click image to zoom Love doing curly hair? You’ll also love the income that can be driven by targeting
texture. Whether your entire salon becomes a hub of texture specialists or just a few of you
position yourselves as curl authorities, the distinction can put you in demand. Christo, who has established himself as a curl guru and his NYC salon, Christo Fifth Avenue, as a haven for all things curly, says word-of-mouth brings 80 to 150 new clients to his 2,500-square-foot salon each month. How can you generate that level of viral buzz about a texture specialty? You don’t have to give up your straight-haired clients, but to capture curlies you must think about your business in different terms—on everything from A to Z.
Amaze. “Wow” a curly, and you will see that client back in your chair. “A lot of curly clients come in feeling defeated,” says Anthony Cress, the 2013 NAHA Texture winner as well as educational and creative director at Studio 4 in Newport Beach, California, and a member of the Sebastian Design Team. “It feels to them like they will never achieve that beautiful hair they’ve always wanted.” Stacy Hill, owner of DyeVerCity Salon in Martinez, Georgia, which provided this Texture! issue’s cover style, says that clients are accustomed to a disheartening routine: “A lot of salons say they do curly hair, but what they really do is straighten curly hair and then style it.” Transforming a client who walks in fearing her texture into one who walks out loving it will spark the engine that revs up word-of-mouth. Sums up Shawna Parvin, a national educator for Aquage and the 2009 NAHA Texture winner, “The more makeovers you do on clients who really love their curl, the more you can advertise yourself as a texture expert and the more curly clients you’ll get.”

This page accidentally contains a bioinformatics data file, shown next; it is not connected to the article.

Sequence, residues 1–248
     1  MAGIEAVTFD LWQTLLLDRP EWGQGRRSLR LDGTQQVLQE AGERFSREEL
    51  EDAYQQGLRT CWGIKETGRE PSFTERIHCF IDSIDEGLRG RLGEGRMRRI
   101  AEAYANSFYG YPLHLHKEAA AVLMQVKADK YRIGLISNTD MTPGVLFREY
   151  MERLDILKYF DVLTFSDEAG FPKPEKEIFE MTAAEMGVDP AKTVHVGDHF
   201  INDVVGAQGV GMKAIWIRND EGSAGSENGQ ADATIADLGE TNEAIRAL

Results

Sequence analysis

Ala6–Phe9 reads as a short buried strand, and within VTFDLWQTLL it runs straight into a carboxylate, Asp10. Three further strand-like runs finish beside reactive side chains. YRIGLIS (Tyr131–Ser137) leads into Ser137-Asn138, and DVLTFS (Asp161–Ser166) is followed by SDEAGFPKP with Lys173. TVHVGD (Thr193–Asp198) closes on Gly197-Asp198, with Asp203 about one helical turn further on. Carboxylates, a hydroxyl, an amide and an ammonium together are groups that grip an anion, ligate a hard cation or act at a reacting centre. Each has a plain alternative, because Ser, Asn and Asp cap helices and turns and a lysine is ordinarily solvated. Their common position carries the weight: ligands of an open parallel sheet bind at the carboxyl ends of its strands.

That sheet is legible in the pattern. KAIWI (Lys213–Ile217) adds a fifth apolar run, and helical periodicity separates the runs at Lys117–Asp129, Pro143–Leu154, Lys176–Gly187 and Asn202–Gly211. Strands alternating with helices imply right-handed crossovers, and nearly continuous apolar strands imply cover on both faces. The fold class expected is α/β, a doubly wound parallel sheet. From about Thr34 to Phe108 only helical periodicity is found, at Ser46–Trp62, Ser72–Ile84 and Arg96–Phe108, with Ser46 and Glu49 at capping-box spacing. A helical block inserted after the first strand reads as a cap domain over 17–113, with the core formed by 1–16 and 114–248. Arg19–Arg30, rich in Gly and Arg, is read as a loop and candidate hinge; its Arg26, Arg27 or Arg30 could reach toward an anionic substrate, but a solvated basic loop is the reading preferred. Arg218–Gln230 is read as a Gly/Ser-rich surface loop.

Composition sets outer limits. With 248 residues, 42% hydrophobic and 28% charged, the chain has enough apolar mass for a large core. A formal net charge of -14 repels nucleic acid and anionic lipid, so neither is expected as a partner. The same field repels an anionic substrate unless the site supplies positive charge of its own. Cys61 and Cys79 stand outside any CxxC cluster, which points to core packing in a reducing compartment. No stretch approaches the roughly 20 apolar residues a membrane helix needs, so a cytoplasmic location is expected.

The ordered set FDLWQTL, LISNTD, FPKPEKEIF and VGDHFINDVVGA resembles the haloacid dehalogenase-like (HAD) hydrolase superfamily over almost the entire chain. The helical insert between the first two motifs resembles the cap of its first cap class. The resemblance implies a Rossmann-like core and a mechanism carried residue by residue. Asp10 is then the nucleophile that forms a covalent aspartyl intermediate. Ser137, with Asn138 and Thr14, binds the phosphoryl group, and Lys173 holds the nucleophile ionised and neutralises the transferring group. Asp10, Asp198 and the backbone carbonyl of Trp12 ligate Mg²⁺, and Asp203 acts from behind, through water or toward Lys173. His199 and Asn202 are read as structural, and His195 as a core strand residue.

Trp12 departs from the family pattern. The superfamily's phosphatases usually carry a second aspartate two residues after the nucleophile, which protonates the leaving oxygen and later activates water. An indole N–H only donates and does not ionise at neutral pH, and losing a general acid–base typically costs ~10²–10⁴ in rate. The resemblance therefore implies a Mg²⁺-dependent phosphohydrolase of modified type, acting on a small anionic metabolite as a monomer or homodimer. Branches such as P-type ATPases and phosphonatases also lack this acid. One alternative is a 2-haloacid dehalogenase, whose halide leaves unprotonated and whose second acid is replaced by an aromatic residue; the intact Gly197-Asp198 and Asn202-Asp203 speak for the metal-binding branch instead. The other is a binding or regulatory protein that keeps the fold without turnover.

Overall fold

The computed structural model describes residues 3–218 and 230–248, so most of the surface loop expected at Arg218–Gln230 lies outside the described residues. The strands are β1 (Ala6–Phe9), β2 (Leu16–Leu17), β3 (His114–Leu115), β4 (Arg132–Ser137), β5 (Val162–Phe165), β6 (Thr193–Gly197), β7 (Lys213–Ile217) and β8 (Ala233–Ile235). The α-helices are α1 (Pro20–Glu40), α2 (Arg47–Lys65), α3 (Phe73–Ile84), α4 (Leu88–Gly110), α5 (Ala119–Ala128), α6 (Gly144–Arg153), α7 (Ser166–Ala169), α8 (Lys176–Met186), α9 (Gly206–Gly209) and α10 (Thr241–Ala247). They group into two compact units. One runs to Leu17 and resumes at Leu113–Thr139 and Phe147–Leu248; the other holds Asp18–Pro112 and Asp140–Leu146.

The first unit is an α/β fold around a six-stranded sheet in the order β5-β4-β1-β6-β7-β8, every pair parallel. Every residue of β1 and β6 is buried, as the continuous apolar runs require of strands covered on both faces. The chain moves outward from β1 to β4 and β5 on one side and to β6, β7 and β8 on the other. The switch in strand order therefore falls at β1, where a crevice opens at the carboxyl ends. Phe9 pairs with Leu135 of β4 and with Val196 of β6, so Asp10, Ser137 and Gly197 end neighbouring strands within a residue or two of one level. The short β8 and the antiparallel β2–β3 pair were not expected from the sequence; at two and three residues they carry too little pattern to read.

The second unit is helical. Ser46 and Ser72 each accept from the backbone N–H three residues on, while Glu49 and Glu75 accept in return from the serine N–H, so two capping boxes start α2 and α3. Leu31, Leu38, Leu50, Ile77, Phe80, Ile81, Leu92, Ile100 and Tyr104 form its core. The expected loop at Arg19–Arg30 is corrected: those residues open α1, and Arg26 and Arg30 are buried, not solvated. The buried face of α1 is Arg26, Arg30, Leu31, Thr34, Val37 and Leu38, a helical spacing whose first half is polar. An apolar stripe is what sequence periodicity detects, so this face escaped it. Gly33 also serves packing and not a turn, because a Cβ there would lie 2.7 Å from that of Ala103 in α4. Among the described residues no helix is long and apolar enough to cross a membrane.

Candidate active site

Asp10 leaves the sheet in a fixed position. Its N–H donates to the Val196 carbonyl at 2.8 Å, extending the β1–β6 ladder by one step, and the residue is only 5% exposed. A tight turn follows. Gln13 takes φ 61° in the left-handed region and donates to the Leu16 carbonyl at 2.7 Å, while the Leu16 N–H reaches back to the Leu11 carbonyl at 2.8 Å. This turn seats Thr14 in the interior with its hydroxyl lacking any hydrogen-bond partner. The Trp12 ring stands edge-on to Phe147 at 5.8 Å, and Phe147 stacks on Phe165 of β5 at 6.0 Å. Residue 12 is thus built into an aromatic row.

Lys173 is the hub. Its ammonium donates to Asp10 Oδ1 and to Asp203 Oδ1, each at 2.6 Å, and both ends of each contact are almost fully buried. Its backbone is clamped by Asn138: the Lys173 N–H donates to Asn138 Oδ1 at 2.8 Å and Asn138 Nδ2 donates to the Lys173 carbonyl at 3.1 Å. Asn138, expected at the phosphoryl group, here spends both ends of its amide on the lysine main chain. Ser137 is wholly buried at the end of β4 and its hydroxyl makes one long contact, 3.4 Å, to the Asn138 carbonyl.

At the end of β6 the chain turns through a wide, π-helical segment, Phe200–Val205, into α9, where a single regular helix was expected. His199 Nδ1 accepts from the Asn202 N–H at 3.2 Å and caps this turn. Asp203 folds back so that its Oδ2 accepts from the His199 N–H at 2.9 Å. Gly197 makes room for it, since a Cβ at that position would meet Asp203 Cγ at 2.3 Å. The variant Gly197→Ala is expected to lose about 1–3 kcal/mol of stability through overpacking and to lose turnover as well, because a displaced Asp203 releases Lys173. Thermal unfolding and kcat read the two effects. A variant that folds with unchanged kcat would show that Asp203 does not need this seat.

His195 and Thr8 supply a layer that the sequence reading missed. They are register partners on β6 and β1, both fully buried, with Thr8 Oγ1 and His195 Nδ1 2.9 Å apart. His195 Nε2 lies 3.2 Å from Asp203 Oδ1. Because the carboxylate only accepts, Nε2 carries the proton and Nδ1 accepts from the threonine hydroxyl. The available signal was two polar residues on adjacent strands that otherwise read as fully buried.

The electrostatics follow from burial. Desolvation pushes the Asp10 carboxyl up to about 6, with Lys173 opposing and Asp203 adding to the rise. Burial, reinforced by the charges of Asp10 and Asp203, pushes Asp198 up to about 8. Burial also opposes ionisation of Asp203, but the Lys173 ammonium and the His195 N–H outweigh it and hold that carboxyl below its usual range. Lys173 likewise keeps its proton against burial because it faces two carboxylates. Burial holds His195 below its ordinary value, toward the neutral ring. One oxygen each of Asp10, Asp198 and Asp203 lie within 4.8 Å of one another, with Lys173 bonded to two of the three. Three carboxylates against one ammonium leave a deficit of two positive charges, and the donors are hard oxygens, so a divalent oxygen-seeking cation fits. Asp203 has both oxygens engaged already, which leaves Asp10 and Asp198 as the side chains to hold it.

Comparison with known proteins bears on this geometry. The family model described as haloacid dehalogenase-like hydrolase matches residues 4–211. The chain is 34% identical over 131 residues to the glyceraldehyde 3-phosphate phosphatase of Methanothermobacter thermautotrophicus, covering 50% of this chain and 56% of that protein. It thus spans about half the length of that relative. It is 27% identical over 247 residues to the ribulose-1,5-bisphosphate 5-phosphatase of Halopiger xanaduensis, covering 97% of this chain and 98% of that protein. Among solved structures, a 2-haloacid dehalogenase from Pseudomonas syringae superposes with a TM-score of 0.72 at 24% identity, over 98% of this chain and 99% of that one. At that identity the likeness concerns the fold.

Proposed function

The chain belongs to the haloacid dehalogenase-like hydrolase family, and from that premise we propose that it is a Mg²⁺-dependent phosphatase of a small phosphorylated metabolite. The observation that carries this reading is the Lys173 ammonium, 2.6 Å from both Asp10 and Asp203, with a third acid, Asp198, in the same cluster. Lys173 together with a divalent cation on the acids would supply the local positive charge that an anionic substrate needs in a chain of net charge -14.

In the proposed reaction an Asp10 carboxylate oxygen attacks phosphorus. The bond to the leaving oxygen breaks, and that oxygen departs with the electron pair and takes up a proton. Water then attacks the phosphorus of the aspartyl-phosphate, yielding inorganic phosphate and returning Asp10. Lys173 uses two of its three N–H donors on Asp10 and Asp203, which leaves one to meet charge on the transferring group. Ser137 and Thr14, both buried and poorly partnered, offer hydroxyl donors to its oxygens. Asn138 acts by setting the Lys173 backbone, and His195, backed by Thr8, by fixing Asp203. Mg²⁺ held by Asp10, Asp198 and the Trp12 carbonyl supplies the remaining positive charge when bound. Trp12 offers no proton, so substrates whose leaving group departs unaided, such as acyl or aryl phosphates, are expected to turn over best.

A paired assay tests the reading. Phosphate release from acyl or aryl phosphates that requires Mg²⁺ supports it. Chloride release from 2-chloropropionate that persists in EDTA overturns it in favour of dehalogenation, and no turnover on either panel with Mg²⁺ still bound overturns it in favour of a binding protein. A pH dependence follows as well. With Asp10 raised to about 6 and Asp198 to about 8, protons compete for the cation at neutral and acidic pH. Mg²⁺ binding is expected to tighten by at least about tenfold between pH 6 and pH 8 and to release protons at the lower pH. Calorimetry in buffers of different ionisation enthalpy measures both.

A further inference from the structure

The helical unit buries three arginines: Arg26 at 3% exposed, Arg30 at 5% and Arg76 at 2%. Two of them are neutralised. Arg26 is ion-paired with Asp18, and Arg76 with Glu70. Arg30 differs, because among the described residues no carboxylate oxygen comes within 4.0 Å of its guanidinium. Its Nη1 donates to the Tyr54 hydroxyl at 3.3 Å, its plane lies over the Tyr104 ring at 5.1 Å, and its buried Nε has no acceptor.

Brag. This is not the time for modesty! Dramatic before-and-after texture photos will grab attention. “A picture truly is worth 1,000 words,” says Sherri Jessee, the 2013 NAHA Editorial Stylist of the Year. “I recommend snapping tons of photos of your transformations—why not take a before-and-after of every client?” At Jackson Ruiz Salon, an Aveda Lifestyle Salon in Austin, Texas, the work is everywhere. “Seeing is believing,” says co-owner Allen Ruiz, named NAHA’s 2013 Hairstylist of the Year. “We often shoot images of highly textured models, which we utilize in the salon and on our website. It makes new texture clients feel more comfortable and confident.” Communicate. Make sure staff both in and out of the salon are aware that you’re trying to build your texture business. “I’m booked a year in advance, so I refer new curly clients to other stylists in the salon who I know can do textured hair,” says Jeff Duckwall, a GKhair lead creative team member and creative director at Maddison Taylor Salon in Cincinnati. “I even refer some to a former assistant who works at a different salon. It’s about filling the needs of that client.” The front desk is key as well. “It’s up to you to ask the receptionists to please send you all the curly clients who call,” says Parvin.